Michter’s 25-Year-Old Bourbon Is a Rare Treat For Discerning Whiskey Lovers

The coveted Kentucky whiskey retails for $1,000–if you’re lucky enough to find a bottle.


For the first time in three years, Michter’s is releasing their profoundly rare, highly coveted 25-year-old bourbon to the public. 

The 25-year-old Kentucky whiskey is one of the oldest and rarest the distillery puts out, and they don’t put it out every year. In fact, 25-Year is one of the rarest releases from the Michter’s distillery.

The last time we saw this bourbon was in 2017, and before that, the last release was bottled in 2008. That’s a rate of about a bottle every six years, for anyone playing along at home.

Michter’s is well documented for skipping a year (or two) here and there with their older expressions when the quality of the whiskey isn’t up to snuff—if it’s not incredible, we don’t tend to see it.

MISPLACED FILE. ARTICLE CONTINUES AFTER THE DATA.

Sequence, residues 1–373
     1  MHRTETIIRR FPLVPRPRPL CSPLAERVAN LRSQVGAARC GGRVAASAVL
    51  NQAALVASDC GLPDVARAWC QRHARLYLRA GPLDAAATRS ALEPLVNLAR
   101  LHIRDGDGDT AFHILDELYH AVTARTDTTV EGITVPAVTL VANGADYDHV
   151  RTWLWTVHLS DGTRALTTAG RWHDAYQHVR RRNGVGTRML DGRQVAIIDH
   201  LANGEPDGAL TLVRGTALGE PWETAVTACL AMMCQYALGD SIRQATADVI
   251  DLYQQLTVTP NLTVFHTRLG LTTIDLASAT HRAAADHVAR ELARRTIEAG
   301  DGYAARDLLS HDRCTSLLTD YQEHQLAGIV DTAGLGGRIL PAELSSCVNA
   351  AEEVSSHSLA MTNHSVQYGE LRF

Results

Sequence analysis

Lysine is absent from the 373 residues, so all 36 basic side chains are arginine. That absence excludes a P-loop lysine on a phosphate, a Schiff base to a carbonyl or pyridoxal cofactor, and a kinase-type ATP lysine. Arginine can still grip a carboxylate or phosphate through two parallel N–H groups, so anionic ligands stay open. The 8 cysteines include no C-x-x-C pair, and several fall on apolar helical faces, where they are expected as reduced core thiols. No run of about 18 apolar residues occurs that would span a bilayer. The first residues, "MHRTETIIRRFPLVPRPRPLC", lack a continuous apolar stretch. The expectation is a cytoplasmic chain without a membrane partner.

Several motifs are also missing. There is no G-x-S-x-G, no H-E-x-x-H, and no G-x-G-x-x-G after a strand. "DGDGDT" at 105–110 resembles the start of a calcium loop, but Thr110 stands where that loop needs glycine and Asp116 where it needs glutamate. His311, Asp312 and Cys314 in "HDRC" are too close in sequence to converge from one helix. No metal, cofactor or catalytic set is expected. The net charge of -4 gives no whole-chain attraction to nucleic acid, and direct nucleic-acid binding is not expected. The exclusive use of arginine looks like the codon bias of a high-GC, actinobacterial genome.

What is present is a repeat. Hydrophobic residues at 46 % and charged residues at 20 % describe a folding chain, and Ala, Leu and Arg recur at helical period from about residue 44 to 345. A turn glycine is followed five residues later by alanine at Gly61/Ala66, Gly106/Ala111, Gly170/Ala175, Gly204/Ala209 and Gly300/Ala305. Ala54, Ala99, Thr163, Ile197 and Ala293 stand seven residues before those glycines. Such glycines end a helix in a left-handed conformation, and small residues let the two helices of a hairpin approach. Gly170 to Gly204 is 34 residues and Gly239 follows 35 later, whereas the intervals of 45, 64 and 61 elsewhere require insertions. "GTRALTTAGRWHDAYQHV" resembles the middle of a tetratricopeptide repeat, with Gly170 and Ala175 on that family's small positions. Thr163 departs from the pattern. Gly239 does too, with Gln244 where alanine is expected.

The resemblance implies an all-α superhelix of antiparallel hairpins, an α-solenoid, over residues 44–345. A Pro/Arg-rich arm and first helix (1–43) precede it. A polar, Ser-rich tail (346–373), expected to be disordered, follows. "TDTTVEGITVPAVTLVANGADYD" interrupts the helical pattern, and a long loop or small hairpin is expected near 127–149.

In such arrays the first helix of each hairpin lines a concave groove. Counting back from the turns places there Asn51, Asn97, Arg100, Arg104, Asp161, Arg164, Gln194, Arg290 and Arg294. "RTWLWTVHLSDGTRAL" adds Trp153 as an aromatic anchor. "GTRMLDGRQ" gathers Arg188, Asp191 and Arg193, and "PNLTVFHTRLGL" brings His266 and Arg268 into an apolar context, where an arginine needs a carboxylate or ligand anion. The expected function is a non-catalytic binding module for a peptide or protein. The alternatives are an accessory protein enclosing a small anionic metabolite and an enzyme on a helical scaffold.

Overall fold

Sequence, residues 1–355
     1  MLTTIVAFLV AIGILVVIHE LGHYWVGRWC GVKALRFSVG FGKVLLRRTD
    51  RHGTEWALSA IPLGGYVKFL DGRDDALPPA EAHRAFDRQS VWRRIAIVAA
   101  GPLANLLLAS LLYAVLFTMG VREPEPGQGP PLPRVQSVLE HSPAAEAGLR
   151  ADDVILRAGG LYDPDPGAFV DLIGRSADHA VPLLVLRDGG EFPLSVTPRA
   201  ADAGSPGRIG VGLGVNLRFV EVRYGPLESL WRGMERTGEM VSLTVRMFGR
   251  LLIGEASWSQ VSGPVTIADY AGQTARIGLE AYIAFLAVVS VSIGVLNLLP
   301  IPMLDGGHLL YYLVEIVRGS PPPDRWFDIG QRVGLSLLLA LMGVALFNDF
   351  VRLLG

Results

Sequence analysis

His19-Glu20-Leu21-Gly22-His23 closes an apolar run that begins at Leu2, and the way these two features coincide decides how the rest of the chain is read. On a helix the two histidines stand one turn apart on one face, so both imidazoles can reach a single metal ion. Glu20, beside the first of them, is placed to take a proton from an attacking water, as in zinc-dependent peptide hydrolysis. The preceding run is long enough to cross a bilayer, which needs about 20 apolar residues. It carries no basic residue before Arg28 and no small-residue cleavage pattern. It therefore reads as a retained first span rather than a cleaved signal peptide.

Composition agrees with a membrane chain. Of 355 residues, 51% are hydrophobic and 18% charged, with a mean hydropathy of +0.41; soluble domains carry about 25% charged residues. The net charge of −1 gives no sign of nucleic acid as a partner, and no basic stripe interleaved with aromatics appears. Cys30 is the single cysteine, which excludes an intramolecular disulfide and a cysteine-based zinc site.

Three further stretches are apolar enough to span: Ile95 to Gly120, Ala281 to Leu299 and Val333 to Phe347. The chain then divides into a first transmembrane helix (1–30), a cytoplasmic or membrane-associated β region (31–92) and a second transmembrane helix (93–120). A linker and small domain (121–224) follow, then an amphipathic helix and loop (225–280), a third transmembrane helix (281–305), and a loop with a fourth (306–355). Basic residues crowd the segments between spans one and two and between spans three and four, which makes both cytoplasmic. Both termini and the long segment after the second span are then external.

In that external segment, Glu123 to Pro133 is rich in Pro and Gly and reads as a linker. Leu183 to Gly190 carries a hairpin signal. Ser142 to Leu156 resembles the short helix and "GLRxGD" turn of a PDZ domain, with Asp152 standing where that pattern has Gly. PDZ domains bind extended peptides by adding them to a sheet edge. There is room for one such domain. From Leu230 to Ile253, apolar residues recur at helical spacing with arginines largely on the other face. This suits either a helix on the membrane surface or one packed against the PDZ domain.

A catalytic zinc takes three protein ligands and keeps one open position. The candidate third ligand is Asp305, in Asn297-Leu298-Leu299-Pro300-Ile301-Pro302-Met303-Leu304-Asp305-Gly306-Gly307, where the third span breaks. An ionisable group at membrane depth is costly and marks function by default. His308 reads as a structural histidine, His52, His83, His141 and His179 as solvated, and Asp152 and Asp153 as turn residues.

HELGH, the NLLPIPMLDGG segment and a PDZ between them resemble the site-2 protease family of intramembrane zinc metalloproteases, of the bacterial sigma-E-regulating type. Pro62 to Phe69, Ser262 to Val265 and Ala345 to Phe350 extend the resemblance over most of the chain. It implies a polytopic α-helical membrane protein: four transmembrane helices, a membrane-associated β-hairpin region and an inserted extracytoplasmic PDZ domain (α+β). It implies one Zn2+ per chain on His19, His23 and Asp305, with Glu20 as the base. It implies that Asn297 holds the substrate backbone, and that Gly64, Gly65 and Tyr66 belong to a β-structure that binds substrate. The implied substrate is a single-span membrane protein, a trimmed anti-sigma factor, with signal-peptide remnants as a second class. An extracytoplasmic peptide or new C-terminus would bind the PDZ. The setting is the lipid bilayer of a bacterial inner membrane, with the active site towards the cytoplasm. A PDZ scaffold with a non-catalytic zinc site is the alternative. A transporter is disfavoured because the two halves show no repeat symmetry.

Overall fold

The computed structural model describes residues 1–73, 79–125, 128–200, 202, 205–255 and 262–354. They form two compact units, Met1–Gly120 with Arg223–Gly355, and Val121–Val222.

As a result, every batch of the 10s, 20s, and 25s has always been complex, delicious, and as Master of Maturation Andrea Wilson assures, “not overly oaked.”

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But they’re definitely ready this year. Master Distiller Dan McKee, the “ultimate gatekeeper of the distillery’s releases” commented, “When I tasted these particular 25 year barrels, I was thrilled about the quality.”

Proofed at 116.2, this is likely to be a powerful old alpha whiskey, and one of our favorite things about older Michter’s stock is that it radiates complexity. Past releases have shown a nice balance of youthful vanilla and caramel notes among a forest of older flavors like tobacco, leather, shoe polish, and tea. We haven’t tasted it yet, but we damn well plan to—if we can find it.

Michter’s 25-Year Bourbon is a small batch and, from the information on the hand numbered bottles, it appears that less than 400 bottles even exist. Like we said, this is a real rarity among whiskeys—and in our opinion, a higher standard of flavor than the more well-known twenty-something brands out there.

But of course, that comes at a price. If you’re able to find one, retail pricing starts at a blistering $1,000, and secondary market value will hit triple that by the time the first bottle is sold.

If you aren’t able to grab one, well, mark your calendars for 2026.

Clay Whittaker is a Contributing Editor at Maxim.com. His work has appeared in Cigar Aficionado, Playboy, Esquire, Forbes, Town and Country, and elsewhere. You can subscribe to his newsletter here, and follow him on Instagram here.